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Here’s a step-by-step guide to the ancient Pentecost Vigil

PENECOST VIGIL
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Similar to the Easter Vigil, the Vigil of Pentecost can be celebrated in a way that preserves its rich traditions.

Fifty days after the high feast of Easter, the Church comes together to celebrate the coming of the Holy Spirit at Pentecost. It is one of the principal feasts of the year and marks the end of the Easter season. Historically the feast of Pentecost was given a greater emphasis and its vigil the day before was connected to the Easter Vigil in many ways.

There was a service called by the English Whitsun Eve, during which the catechumens who had not been baptized at Easter received the sacraments on the eve of Pentecost. Similar to the Easter Vigil, it was celebrated in a “night watch” liturgy that included the reading of six prophecies and a solemn blessing of the baptismal font.

After the celebration of Baptism, the newly baptized would be vested in a white alb, symbolizing their new birth in the life of grace. Thus Pentecost is also called Whitsunday by English speakers, a word that simply means “White Sunday,” in reference to the white albs the newly baptized would wear.

In recognition of this ancient tradition, the current Roman Missal has revived this extended vigil. Below is a brief guide to how Pentecost can be celebrated according to the Third Edition of the Roman Missal.

Evening Prayer

Prior to the start of Mass, it is an option to begin the celebration with the recitation of Evening Prayer (Vespers). This includes several Psalms and ends right before the Liturgy of the Word during Mass.

Liturgy of the Word

Similar to the Easter Vigil, there are four readings from the Old Testament that are read. The priest will pray the following prayer before these readings, which summarizes the overall “spirit” of the Pentecost Vigil.

Dear brethren,
we have now begun our Pentecost Vigil,
after the example of the apostles and disciples,
who with Mary, the mother of Jesus, persevered in prayer,
awaiting the Spirit promised by the Lord;

like them, let us, too, listen with quiet hearts to the Word of God.
Let us meditate on how many great deeds

God in times past did for his people
and let us pray that the Holy Spirit,
whom the Father sent as the first fruits for those who believe, may bring to perfection his work in the world.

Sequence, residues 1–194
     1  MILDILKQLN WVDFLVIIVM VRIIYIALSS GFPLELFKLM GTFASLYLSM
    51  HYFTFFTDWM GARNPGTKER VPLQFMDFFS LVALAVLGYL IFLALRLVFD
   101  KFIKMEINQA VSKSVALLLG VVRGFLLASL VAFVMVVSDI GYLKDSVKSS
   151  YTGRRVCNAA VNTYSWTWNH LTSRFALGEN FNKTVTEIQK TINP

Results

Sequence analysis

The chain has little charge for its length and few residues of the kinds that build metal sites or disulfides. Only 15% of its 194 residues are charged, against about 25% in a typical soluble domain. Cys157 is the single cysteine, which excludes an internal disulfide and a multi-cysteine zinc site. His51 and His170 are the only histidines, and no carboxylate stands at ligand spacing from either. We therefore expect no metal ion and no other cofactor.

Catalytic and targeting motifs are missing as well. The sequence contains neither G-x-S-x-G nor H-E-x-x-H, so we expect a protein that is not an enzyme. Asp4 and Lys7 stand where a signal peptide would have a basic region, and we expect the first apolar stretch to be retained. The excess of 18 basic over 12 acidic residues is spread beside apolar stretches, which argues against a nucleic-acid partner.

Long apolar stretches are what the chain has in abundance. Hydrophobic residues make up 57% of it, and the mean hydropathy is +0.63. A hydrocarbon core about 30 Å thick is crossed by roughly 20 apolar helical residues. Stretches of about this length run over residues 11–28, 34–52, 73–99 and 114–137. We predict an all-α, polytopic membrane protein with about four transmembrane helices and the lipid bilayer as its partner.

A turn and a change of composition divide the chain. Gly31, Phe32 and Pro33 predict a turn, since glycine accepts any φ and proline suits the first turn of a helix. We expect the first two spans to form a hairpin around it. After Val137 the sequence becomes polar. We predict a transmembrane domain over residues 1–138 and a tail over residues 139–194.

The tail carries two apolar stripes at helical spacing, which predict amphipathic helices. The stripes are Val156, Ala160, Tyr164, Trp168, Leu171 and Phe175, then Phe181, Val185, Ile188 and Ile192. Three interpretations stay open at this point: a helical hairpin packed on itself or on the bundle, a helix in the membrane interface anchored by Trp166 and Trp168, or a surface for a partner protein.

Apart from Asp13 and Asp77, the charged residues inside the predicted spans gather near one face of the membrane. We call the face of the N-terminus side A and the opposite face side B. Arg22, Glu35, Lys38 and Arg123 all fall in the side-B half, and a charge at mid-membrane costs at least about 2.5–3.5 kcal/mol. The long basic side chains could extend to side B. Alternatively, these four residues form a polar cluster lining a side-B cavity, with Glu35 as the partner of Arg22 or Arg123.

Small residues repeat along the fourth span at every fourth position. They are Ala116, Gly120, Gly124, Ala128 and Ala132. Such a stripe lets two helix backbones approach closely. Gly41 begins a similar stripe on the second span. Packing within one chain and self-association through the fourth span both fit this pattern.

These readings reflect various prefigurements of the coming of the Holy Spirit at Pentecost starting in Genesis, and ending in the book of Joel. Each reading has its own proper prayer, which bring out the truths revealed in this ancient texts. Here is the one after a reading from the book of Exodus.

O God, who in fire and lightning
gave the ancient law to Moses on Mount Sinai
and on this day manifested the new covenant
in the fire of the Spirit,
grant, we pray,
that we may always be aflame with that same Spirit
whom you wondrously poured out on your apostles,
and that the new Israel,
gathered from every people,
may receive with rejoicing
the eternal commandment of your love.
Through Christ our Lord.

After the fourth reading and its Psalm is completed, the Gloria is sung with great jubilation. Then a reading from Romans is recited, which recalls the how the Holy Spirit helps us in our need. The Gospel is then proclaimed and Mass continues as usual.

In the Ordinariate Missal of Divine Worship, the Litany of Saints is sung, again echoing the Easter Vigil Mass.

Celebration of Baptism

Though not a requirement of the Pentecost Vigil, it remains fitting to celebrate baptisms during this Mass after the homily. This can occur for various pastoral reasons and reflects the continuity of the liturgy throughout the ages.

Liturgy of the Eucharist

The remainder of Mass is the same as usual, with no special additions. Mass is concluded with the solemn dismissal, “Go forth, the Mass is ended, Alleluia, Alleluia.” Pentecost marks the last use of the Easter season double Alleluia.

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